Prominent investor George Soros is warning markets that China's financial system is at risk and the rise in credit will be the downfall for world's second biggest economy.

Speaking at an Asia Society event in New York on Wednesday, Soros said the similarities between the credit markets in China "eerily resemble" to those of the United States in 2007 before the financial crisis.

Recent stimulus packages in China have seen sharp rises in asset prices - namely in the housing and construction sector, but Soros believes these have been fueled by excessive lending to underperforming industries.

"Most of the money that banks are supplying [in China] is needed to keep bad debts and loss-making enterprises alive," Soros said.

Year to date fixed asset investment is up 10.7%, new loan growth up 25% and property investment is up 6.2%. However growth in China continues to slow, last months 6.7% GDP number was the lowest since the financial crisis.

Last month saw a prodigious rise in credit growth. According to the People's Bank of China, new credit for the month or March was 2.34 trillion yuan ($360 billion), well above market estimates. However, the rise in credit is far surpassing economic growth, strengthening the belief that the rise in credit is going to the wrong sectors.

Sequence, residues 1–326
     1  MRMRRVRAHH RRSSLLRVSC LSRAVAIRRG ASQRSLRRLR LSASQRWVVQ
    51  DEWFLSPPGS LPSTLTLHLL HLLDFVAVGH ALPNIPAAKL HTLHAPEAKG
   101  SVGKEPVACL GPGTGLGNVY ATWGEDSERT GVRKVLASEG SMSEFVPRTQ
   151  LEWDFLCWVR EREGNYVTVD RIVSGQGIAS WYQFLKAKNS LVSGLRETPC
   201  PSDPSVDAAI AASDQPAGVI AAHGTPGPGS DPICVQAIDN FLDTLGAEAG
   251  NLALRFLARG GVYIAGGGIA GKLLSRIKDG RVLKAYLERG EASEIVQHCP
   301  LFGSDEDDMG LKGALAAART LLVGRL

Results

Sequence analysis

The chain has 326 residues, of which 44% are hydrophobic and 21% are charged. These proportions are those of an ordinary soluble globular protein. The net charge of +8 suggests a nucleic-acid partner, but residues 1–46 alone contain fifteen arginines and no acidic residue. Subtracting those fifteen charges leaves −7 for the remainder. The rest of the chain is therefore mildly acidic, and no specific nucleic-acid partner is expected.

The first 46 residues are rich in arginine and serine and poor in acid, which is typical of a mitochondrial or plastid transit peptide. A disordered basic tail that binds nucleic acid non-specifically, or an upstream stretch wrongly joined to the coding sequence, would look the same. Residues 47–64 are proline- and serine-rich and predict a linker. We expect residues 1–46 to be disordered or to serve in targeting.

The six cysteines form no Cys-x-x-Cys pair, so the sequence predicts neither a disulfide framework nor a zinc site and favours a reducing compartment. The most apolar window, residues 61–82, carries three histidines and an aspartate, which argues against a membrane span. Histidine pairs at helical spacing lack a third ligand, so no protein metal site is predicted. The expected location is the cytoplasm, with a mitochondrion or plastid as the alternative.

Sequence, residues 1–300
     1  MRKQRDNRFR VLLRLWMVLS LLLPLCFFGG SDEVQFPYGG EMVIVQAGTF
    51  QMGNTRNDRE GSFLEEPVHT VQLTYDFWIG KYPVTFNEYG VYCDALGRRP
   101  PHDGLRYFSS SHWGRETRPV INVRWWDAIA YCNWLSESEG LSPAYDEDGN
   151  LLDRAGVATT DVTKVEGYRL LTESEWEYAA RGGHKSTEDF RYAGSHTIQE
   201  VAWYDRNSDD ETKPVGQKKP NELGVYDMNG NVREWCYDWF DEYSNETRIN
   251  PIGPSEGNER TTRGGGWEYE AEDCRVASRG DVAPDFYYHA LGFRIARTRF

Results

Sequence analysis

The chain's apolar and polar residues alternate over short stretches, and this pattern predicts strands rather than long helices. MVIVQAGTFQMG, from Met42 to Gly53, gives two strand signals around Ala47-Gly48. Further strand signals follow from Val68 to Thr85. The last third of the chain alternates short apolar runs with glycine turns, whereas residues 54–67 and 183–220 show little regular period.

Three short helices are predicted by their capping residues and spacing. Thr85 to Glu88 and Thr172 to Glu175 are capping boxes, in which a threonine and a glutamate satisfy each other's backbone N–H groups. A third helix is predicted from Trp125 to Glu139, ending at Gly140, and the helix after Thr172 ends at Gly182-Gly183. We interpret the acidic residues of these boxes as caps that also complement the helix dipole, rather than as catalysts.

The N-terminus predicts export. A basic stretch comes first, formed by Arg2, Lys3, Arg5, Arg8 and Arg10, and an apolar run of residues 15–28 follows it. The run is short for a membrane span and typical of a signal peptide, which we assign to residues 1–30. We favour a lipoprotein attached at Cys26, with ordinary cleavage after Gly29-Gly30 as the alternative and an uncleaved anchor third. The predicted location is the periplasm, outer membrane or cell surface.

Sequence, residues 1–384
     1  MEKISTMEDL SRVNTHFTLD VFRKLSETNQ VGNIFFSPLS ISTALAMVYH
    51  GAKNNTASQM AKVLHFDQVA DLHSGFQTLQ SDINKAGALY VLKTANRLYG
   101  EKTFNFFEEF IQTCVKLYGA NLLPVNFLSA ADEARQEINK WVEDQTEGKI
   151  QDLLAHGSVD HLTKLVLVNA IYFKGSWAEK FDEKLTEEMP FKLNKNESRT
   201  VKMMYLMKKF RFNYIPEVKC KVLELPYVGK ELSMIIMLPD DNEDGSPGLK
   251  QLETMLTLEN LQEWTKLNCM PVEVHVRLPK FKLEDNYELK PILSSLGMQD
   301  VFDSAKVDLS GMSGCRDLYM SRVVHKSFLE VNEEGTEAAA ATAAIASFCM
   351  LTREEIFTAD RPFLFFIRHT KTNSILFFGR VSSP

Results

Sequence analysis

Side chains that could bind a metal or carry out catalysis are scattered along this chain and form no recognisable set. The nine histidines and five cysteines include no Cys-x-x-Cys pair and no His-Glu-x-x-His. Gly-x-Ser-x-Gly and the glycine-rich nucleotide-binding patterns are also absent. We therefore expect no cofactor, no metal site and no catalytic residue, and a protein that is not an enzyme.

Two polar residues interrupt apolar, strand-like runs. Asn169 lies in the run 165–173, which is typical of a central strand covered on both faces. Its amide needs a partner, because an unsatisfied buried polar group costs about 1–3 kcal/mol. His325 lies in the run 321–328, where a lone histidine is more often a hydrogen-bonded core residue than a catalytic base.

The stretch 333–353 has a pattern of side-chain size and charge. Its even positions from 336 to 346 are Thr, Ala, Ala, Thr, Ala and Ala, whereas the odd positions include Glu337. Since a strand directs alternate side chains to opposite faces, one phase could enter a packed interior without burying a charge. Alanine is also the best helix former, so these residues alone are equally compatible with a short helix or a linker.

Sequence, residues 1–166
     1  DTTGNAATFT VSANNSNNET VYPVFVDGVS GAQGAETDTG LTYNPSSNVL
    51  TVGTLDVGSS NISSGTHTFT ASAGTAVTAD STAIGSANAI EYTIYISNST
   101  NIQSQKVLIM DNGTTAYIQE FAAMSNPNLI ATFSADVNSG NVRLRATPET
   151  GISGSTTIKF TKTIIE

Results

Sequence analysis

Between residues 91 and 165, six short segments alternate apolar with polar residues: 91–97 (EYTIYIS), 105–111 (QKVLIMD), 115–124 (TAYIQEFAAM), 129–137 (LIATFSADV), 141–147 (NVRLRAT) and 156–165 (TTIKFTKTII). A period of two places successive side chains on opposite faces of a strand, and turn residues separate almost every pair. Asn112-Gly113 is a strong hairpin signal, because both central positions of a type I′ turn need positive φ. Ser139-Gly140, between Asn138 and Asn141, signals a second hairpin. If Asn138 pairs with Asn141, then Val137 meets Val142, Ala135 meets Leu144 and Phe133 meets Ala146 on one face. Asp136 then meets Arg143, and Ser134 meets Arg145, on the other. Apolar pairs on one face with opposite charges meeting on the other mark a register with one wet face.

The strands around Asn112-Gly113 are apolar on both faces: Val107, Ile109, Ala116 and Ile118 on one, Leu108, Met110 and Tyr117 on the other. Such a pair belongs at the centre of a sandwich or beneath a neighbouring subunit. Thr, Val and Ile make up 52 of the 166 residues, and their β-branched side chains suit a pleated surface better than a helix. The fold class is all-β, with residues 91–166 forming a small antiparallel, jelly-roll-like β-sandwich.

Soros, who founded the Soros Fund Management in 1969, is betting against Asian currency markets as he remains bearish on the Chinese economy. At the World Economic Forum in January, Soros said "A hard landing is practically unavoidable," when referring to the Chinese economy.

Chinese authorities were quick to respond to Soros' comments. The People’s Daily, the Communist Party’s main mouthpiece said “Soros’ challenge against the renminbi and Hong Kong dollar is unlikely to succeed, there is no doubt about that."

While the Chinese economy continues to lack transparency it is hard to bet against George Soros - the man who made $1.5 billion betting against the Bank of England in 1992.

 

 

 

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